You don’t need standup

  1. No stand-ups
  2. No planning at regular intervals
  3. No retros
  4. All meetings are optional
  1. Trello (or whatever you use) has to be kept in sync with what’s discussed in these meetings. It often isn’t. As the team grows this becomes even more complicated.
  2. Stand-ups ENCOURAGE plans to change daily. Lack of consistency is a great way to ruin developer flow.
  3. Standup forces every team member to be productive at a set place and a set time
  4. Extroverts thrive at stand-ups, planning, and retros. It’s no wonder that tech debt is such a common problem. Developers shouldn’t have to PUSH for tech debt to be addressed. Teams should operate at a sustainable pace.
  5. Why do we encourage problems to be discussed once a week? We should address them immediately, not just at retros.
  6. Sprints encourage iterative development. This sounds really good to people like me who strongly advocate small, concise, pull requests over long-living feature branches. But it’s not the same thing. Sprints encourage features over tech debt. How often have you had to advocate spending an entire sprint tackling tech debt?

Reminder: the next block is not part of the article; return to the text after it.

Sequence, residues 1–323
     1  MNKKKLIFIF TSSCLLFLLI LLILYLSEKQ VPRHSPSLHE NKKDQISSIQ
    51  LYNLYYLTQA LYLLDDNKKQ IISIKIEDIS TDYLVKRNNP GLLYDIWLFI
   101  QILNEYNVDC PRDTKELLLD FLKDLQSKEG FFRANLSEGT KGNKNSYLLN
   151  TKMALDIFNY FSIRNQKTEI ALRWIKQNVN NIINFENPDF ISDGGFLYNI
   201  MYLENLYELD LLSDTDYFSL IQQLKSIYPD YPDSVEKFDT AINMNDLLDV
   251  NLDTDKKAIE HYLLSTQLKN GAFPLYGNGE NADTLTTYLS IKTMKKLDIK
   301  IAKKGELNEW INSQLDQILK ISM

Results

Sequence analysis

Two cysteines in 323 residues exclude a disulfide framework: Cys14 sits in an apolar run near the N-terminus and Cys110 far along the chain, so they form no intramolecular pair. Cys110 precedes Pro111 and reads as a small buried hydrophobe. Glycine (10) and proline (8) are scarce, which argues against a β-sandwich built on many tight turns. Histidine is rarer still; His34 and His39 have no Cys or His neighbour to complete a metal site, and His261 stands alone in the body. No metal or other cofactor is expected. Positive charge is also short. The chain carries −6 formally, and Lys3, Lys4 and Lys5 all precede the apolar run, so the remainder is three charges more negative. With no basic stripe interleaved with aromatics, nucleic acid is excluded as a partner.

1. Developers communicate more
  2. Your team becomes more remote-friendly
  3. Tech debt gets addressed
  4. Developers feel more in control and less stressed
  5. Developers know you trust them and that you have their back
  1. Developers are trusted to be working on the correct things
  2. Developers aren’t interrupted nearly as much so things get done
  3. Backlog is used as a priority queue of work to be done
  4. Tasks are added to the backlog as needed, continuously
  5. Blockers are communicated right away
  6. Planning happens when plans change. Meeting fatigue is reduced and the team knows this was a last resort and is important
  1. Developers aren’t interrupted and get shit done
  2. Problems are addressed sooner
  3. Stickies and sharpies are returned and we buy lunch instead

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Engineering lead at Spotify

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palmerj3

palmerj3

Engineering lead at Spotify

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